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Mercantile Bank of Michigan Leverages Unique Partners in Online and Mobile

John Schulte, Mercantile Bank's CIO, is never shy about partnering with new companies that have little or no experience working with banks.

John Schulte, Mercantile Bank of Michigan's CIO, was hired as employee No. 3 when the bank was formed in 1997 by a number of employees who had formerly worked at First Michigan Bank before it was acquired by Huntington Bank. "We felt strongly that there needed to be a locally based Michigan bank focused on serving the community," Schulte recalls.

Mercantile Bank ($1.4 billion in assets) didn't invest in an extensive branch network from the beginning, which has required the bank to emphasize its digital delivery channels, Schulte shares. In the years since the financial crisis, much of the industry has also rolled back branch networks and invested in online and mobile channels. To stay competitive with its digital services, Schulte has developed a strategy of partnering early with new innovative companies that can bring best-of-breed solutions to the bank.

For example, Mercantile was the first bank to partner with PayPal to bring peer-to-peer payments to its customers through the online and mobile channel. In 2010, when the partnership was formed, most banks didn't view PayPal as a potential partner, Schulte notes. But Mercantile was able to build a successful partnership with the payments company, he says. Nearly 10% of the bank's mobile banking users take advantage of PayPal's service, and Mercantile has seen growing usage of the P2P service each month since its rollout, he reports.

Last year, Mercantile also became the first bank to partner with for online accounts receivables and accounts payables services, Schulte adds, making it easier for Mercantile's small-business clients to manage their cash flow.

"I think the most successful strategy is to be on the lookout for innovative organizations that are at the forefront of where things are headed and are willing to become partners with banks," Schulte says.

Being the first bank to experiment with a nontraditional partner can be risky, but it also provides benefits, such as a lower cost, to Mercantile that Schulte says are worth the gamble. "Companies are willing to partner and deliver something together to first beta testers and give them a break on the cost it takes to build the interfaces, processes or technology behind the scenes," he says.

Being an early partner also means that Mercantile gets some input in how the product is put together and deployed, Schulte adds. "Being on the front end, you have more influence over the product or service than if you were the 100th bank to sign up for it," he says.

Schulte's personal use of technology also influences his vision of how Mercantile can improve its digital banking services. As a father with a daughter in graduate school, he makes frequent use of personal financial management (PFM) tools to run his own family's finances. Schulte has also worked to offer quality PFM tools to Mercantile's online banking customers through partnerships. The bank's first foray into online PFM was with FinanceWorks, a PFM application developed by Digital Insight. But the bank is now in the process of rolling out MoneyDesktop's PFM offering, which Schulte says he feels is a superior product.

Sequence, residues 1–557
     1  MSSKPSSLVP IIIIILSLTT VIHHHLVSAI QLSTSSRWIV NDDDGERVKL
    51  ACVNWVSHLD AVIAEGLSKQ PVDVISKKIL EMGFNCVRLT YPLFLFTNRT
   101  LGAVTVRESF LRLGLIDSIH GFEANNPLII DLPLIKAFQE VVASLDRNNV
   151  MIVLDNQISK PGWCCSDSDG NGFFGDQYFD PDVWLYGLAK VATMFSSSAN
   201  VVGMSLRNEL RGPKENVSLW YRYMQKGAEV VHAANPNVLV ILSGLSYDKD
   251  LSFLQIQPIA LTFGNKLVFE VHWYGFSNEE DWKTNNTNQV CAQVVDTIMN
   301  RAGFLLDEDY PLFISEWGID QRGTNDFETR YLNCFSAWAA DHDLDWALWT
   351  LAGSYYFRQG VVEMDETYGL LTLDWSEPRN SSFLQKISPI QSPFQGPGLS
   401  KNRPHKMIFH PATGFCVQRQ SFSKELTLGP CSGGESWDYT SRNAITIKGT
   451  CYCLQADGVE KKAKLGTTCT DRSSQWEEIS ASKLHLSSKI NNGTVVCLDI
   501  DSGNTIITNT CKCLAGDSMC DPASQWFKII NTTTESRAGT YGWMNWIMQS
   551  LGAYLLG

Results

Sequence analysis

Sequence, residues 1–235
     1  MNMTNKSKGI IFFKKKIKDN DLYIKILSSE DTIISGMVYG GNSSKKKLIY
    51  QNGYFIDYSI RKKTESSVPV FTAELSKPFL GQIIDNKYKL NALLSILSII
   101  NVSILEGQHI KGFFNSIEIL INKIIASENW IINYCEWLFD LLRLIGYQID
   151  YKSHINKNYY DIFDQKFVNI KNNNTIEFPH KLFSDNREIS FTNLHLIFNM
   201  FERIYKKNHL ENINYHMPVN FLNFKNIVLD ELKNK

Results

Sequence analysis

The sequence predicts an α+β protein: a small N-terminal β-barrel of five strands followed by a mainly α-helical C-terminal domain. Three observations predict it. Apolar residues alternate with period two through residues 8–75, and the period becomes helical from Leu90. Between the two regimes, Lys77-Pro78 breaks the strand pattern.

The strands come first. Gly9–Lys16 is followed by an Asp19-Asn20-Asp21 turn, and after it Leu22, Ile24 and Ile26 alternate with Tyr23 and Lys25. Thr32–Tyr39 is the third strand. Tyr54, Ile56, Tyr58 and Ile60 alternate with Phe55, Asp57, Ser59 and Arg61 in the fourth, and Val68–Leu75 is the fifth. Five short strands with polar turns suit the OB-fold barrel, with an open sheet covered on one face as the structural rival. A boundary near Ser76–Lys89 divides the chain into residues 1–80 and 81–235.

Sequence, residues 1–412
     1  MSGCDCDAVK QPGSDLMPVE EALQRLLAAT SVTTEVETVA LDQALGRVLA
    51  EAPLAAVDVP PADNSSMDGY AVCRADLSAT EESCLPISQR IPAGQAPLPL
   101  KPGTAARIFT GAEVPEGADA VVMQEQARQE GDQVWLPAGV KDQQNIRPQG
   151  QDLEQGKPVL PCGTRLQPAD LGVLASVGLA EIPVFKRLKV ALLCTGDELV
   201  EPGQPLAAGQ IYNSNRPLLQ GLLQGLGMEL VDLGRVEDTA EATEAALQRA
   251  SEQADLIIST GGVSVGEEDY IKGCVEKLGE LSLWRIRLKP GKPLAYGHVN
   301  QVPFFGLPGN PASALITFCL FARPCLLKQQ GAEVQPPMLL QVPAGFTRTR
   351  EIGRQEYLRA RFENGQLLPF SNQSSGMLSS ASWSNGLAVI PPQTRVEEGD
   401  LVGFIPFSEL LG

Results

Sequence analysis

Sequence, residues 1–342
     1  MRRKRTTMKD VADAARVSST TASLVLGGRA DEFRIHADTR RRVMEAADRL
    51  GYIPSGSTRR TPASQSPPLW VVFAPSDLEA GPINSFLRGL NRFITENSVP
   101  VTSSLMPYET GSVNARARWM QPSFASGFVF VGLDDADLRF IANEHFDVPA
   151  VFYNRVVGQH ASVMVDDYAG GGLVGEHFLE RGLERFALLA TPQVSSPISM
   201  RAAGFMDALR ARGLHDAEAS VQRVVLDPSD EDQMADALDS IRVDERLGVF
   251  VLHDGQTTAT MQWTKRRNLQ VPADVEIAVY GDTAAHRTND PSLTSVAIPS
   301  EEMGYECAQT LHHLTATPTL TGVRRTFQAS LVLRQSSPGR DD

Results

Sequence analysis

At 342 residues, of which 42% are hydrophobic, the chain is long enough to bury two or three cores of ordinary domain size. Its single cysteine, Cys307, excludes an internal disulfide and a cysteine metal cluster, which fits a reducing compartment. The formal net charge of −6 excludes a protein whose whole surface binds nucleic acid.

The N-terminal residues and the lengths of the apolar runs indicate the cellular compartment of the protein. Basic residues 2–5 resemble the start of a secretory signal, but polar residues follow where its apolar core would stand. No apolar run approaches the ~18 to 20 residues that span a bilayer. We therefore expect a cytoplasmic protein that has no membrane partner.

His own tastes in PFM tools as a user have also colored his views on what makes a quality PFM product. "I want to see my entire financial picture in one place. And I want to manage all of my short-term financial needs -- budgeting, cash flow, expense categorization -- but I also want to see what my long-term financial outlook is," he says.

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By offering a PFM product that does all those things, Mercantile can deepen its customer relationships and become the center of its customers' financial lives, Schulte says. "We want our customers to think of Mercantile as their primary bank," he says.

PFM tools have become much more sophisticated in the past few years, and their potential could be greatly enhanced with integration into mobile wallets, Schulte adds. "Then you're getting into real-time budgeting. You'll be able to see how a particular purchase on a whim might change your budget in real time," he says. "I think when you put that in front of consumers, they will see a real value in it."

[The Death of the NFC Mobile Wallet?]

And Schulte has already gotten to work on developing partnerships in the mobile wallet space. The bank has formed partnerships with PayPal, from Visa and with Google Wallet, he says. "We talk regularly with them about what they're doing in the mobile wallet space," he reports. "And if Apple would ever return a phone call, I'd love to talk to them, you know."

Proactively reaching out to new partners has paid off for Schulte, and he says his best advice for current or aspiring CIOs would be to never hesitate to make a cold call to a potential partner and present new ideas. Which means Apple probably can expect some more phone calls.

Personal Snapshot

John Schulte CIO

Mercantile Bank of Michigan

Years at bank: 16

Years in current position: 16

Education: BA in finance from Western Michigan University, ABA Stonier Graduate School of Banking

Positions held: Credit manager, commercial lender at FMB First Michigan Bank (now Huntington), 1994-1997; CIO/senior VP and founding member of Mercantile Bank of Michigan, 1997-present

Hobbies: Traveling and spending time with his wife and two daughters

Jonathan Camhi has been an associate editor with Bank Systems & Technology since 2012. He previously worked as a freelance journalist in New York City covering politics, health and immigration, and has a master's degree from the City University of New York's Graduate School ... View Full Bio

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